Maximum number of hosts per cluster
1 TB
2 TB
Maximum RAM per host server
 Hyper-V has had snapshot capabilities since
the first version
 Accumulating snapshots can impact read performance
and can complicate backup / restoration operations
 In previous versions of Hyper-V, VMs had to be shut
down to remove snapshots that were no longer needed
 Hyper-V 3.0 can perform snapshot merges while the VM
is running
Hot Adding Resources
 Hot resource allocation is new to Hyper-V 3.0
 It allows additional hardware resources to be allocated
to a VM while it is running
 Hot resource allocation is available for memory
and disks
 CPU cores cannot be hot allocated
NIC Teaming
 Hyper-V 2.0 supported NIC teaming only at the hardware
level (Intel and Broadcom only)
 Hyper-V 3.0 has native support for NIC teaming
at the software level. This allows commodity NICs
to be teamed
 NIC teaming allows for high bandwidth and fault tolerant
 Teams can include NICs from multiple vendors
 Deduplication is actually a Windows Server 2012
feature, not a Hyper-V feature
 It is possible to deduplicate VHD libraries, ISOs,
and live VHD volumes
 Deduplication reduces physical storage requirements
and can make using solid state storage more practical
SMB Support
 VMs can now be stored on SMB shares
 SMB storage is easier to configure than Fibre Channel
or iSCSI, but there are limits
● Legacy SMB is not supported
● Scaling is bandwidth dependent
● SMB storage is intended primarily for smaller environments,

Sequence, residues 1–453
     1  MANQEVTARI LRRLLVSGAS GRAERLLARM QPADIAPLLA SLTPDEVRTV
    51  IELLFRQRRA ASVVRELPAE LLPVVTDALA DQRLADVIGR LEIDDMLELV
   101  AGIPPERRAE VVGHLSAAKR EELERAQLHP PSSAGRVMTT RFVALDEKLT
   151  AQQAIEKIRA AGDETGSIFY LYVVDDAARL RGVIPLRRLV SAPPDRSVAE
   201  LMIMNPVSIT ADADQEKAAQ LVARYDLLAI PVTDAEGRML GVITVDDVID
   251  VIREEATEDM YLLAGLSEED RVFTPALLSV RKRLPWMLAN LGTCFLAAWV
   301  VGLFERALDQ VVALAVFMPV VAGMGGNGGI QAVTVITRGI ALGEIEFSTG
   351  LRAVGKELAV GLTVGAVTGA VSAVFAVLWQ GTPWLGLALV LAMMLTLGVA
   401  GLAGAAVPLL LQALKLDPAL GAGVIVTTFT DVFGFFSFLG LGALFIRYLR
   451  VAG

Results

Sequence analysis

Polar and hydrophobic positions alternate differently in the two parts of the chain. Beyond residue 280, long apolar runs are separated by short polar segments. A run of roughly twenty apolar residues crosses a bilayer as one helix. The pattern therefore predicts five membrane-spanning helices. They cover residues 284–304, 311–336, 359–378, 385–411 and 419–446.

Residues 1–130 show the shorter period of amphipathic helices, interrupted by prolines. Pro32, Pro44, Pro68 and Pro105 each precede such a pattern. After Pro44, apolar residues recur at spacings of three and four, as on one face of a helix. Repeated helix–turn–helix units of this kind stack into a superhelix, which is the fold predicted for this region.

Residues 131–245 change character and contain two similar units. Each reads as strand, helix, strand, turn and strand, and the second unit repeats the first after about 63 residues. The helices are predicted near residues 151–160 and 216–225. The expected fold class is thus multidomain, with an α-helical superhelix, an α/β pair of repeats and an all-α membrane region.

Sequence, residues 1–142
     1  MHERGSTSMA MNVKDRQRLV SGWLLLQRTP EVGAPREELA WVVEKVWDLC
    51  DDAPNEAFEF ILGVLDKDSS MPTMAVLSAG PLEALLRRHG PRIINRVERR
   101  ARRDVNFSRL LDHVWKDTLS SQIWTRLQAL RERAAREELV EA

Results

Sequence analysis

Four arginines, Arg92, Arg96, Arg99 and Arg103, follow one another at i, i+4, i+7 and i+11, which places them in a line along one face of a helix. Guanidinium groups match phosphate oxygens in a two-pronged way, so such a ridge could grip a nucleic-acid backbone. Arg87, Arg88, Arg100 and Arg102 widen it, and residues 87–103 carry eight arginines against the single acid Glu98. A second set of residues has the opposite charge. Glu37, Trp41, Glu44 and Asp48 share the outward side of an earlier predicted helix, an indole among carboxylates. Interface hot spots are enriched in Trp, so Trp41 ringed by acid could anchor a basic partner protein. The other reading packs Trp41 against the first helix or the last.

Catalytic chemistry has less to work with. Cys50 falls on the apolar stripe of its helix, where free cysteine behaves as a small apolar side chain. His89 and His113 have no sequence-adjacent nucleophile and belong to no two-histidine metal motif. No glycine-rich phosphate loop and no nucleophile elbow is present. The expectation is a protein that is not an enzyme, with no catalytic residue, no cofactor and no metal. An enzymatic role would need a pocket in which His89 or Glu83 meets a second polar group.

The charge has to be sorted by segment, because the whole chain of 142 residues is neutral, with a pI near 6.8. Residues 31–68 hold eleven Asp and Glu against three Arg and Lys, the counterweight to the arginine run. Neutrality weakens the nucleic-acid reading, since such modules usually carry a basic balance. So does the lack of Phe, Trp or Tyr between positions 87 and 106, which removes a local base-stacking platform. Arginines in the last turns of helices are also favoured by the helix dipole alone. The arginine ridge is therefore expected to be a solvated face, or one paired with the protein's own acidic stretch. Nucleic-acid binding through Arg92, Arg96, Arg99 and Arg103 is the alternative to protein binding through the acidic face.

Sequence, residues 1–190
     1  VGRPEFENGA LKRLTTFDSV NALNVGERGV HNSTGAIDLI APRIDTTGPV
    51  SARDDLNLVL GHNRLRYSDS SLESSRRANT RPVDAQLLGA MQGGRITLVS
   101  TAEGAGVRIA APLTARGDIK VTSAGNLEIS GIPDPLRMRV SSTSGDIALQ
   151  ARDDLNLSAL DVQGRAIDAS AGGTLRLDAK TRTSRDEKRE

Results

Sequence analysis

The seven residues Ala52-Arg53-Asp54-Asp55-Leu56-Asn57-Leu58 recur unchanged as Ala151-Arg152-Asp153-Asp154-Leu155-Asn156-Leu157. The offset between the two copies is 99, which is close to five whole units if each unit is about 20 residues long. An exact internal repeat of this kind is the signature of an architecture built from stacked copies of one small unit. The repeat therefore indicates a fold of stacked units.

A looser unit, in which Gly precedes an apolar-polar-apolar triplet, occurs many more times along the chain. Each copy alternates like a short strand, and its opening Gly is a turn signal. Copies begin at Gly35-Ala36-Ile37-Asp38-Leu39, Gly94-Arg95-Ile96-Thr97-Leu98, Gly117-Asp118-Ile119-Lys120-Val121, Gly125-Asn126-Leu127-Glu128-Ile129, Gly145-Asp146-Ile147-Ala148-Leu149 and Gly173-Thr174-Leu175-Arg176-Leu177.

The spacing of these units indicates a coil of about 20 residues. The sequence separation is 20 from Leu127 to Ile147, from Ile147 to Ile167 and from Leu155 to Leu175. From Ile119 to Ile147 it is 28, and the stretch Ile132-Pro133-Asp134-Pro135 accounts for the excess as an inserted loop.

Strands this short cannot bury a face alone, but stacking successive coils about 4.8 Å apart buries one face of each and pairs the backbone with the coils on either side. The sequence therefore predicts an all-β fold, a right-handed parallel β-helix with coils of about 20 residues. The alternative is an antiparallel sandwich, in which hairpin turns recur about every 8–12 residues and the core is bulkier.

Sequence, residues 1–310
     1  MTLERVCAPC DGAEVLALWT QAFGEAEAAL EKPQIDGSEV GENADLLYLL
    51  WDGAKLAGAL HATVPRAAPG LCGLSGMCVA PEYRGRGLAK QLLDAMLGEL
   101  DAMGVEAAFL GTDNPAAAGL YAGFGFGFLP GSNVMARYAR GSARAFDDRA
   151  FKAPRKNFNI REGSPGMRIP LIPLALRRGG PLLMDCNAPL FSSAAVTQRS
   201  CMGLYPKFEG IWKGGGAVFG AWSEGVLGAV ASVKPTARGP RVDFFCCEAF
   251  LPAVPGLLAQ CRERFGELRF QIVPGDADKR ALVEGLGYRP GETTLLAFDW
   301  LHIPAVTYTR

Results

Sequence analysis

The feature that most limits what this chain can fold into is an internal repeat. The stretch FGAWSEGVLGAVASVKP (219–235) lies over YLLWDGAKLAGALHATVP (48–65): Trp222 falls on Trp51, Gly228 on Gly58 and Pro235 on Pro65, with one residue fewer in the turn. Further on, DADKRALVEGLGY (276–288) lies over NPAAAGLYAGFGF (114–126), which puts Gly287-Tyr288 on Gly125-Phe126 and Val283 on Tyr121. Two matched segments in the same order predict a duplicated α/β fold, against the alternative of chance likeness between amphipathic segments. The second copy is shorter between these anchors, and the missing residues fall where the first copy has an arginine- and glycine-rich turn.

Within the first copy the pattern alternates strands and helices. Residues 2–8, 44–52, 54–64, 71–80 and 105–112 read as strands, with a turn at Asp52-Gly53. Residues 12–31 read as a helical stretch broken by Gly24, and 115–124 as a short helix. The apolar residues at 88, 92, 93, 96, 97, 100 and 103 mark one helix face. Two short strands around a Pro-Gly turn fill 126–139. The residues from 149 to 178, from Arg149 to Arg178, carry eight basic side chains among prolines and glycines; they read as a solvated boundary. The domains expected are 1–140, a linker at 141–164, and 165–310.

although it will support larger workloads with the use of high
end hardware
Affinity and Anti-Affinity Rules
 Affinity and anti-affinity rules control virtual machine
 Affinity rules can be used to ensure that certain virtual
machines always failover together
 Anti-affinity rules can prevent certain VMs from ever
failing over to a common host
 VM prioritization will prioritize VM startup when
a failover occurs to an overloaded host
Offload Data Transfer
 Virtual machine copy operations can be resource intensive
 In SAN environments Hyper-V 3.0 will support Offload
Data Transfer (ODX)
 This will allow the storage hardware to do the heavy lifting
 ODX support is built in. There is no “enable ODX” button
Extensible Virtual Switch
 In previous versions of Hyper-V the virtual switch was
nearly impossible to monitor or manage
 Management software saw the virtual switch as
a black box
 Vendors can extend the Hyper-V virtual switch to work
with their wares
With version 3.0 Hyper-V has finally arrived!